NS: I can bid for what I want to record on ACX but I haven’t done that in a long time. I tend to take what I’m offered, though sometimes I’ll call up a company that’s just given me a book and say, “Do you know this book is first person and the protagonist is British?” (or, in one case I remember, female) In this case, they’ll take it away from me and maybe assign me another.

S&S: Has there ever been a scene you’ve been uncomfortable narrating?

NS: On the funny end of that question, vividly depicted sex scenes.  On the more sober end of that question, hospital scenes where a parent is dying.

S&S: What determines your pay for a book? Hours? Pages? Etc.

NS: All union actors work on a per-finished-hour rate. If you do a ten-hour book you just multiply the rate by ten, easy peasy.  SAG-AFTRA has different rates with different companies but usually, they are pretty comparable.

S&S: How did you get into narrating?

NS: My father used to record for the blind, and when I was young I was obsessed with Dick Estell’s “Radio Reader” program on our local NPR radio station and in my college and summer stock years I listened to them every time I drove long distance. When I was beginning to work professionally in New York an opportunity to record for Talking Books kind of fell into my lap; I was shooting a small budget movie and the actress playing my wife recorded for them. Shortly after that, I began recording for Chivers… which became BBC Audio… which became AudioGO… which was bought by Blackstone.

S&S: If you could have your pick of any novels out there to narrate, which ones would it be?

NS: Wow, is it Christmas? Hmm… I’d say the “Game of Thrones” books but I’d ALSO have to magically become a Brit… you really need a native-born UK narrator for that.  Oh, I know!  “Confederacy of Dunces”!  Actually, I’ve recorded John Kennedy Toole’s first novella, “The Neon Bible” and a non-fiction book about Toole.  As close as I could get!  Oh, shucks, just thought of another: “The Name of the Wind” by Patrick Rothfuss.

S&S: What kind of training did you do for your job?

NS: When I first auditioned for Talking Books I had a lot of voice, speech, and accent training from various schools and classes but no actual audiobook training, apart from listening to them. Of course, it took a long time to learn all the tricks: how to prep a book and do research, how to record for long periods with proper mic distance, how to breathe just a teeny bit without making a sound so you can get through a long sentence.  And for home studio you have to learn a whole new skill set.  I can take a tiny mouth click out of the middle of a word… I don’t HAVE to do that for most companies, but it’s kinda cool.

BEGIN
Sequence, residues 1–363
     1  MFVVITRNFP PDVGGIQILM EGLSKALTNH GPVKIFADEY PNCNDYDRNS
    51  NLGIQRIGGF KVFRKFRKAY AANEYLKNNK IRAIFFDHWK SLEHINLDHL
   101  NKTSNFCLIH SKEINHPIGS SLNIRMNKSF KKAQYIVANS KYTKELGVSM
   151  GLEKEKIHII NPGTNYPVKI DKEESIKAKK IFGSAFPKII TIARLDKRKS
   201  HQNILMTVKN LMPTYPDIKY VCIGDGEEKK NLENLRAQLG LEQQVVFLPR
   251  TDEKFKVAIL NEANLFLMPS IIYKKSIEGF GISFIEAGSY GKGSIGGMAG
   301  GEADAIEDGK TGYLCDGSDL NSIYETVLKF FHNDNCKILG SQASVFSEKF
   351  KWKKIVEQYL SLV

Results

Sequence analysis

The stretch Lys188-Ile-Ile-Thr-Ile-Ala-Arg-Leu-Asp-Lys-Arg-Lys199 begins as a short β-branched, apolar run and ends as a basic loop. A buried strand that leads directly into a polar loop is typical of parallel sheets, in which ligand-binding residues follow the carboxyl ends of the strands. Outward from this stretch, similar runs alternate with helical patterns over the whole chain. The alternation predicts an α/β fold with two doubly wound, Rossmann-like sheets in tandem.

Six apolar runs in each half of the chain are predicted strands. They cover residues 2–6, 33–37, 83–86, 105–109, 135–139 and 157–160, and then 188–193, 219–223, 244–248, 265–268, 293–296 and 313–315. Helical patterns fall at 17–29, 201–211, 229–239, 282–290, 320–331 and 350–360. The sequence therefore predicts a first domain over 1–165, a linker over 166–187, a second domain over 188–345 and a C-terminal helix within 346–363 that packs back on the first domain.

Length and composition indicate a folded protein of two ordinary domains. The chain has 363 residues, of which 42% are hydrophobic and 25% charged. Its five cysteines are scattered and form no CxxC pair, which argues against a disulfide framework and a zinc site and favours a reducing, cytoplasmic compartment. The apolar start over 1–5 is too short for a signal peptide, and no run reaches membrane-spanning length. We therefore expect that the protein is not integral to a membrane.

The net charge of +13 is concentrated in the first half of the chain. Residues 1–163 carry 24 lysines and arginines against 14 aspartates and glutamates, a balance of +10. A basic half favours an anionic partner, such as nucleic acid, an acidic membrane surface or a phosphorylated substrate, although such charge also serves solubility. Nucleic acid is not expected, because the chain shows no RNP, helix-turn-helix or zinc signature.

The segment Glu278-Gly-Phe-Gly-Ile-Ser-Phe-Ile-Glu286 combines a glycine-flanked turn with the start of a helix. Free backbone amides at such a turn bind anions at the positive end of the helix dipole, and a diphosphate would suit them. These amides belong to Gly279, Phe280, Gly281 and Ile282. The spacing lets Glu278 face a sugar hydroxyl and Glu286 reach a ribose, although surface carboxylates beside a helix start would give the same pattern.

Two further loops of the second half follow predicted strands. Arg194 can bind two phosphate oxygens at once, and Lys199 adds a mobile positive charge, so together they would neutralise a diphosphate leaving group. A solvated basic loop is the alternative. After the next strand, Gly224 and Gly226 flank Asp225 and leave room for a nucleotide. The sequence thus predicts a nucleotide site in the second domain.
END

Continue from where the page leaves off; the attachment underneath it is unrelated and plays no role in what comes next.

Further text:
S&S: Is there anything about your job that the average person would be shocked to know?

NS: That it’s exhausting. Fun, but exhausting.

S&S: Do you listen to audiobooks during your spare time?  Do you have any favorite narrators?

NS: I drive long distances to visit family and to travel to theater gigs;  I listen to an audiobook every time.  Some of my favorite narrators are Katy Kellgren, Dion Graham, George Guidall, Chris Sorensen, and Barbara Rosenblatt

Zombie Bigfoot by Nick Sullivan

Bigfoot is real.

That’s what Sarah’s father told her before his academic disgrace and untimely death.

Now, primatologist Dr. Sarah Bishop is eager to restore her father’s good name. Survival show host Russ Cloud is just as eager to boost his plummeting ratings. They’ll both have a shot at redemption when they find themselves hired by eccentric billionaire Cameron Carson. After a series of his publicity stunts end in spectacular failure, Carson has a plan to redeem his tarnished image: capture a live Sasquatch.

Sarah and Russ join an expedition with an eclectic crew: an Afrikaner safari hunter, a ‘roided out former wrestling star, a Shoshone master tracker full of surprises, a heavily tattooed Russian warrior woman, a pair of wise-cracking nerds, and a cute gum-chewing intern with some hidden skills. Will they find Bigfoot?

There’s something in the woods… but it’s not what they’re expecting. – Goodreads

Zombie Bigfoot received a 4 Coolthulhu Rating from Sci-Fi & Scary. You can see our review of the book here


Purchase Zombie Bigfoot now on Amazon.

4 thoughts on “Indie Zone: Talking with Nick Sullivan

  1. Great interview with an awesome guy. I’m so glad that I checked out Zombie Bigfoot, and you could definitely tell that he wrote specific parts specifically for the performance.
    I LOVE the line where he mentions that the main character is British or a female. I had a book I recently read that I couldn’t believe that cast a male narrator for (it was a strong female role)
    Thanks for the great interview Lilyn and S&S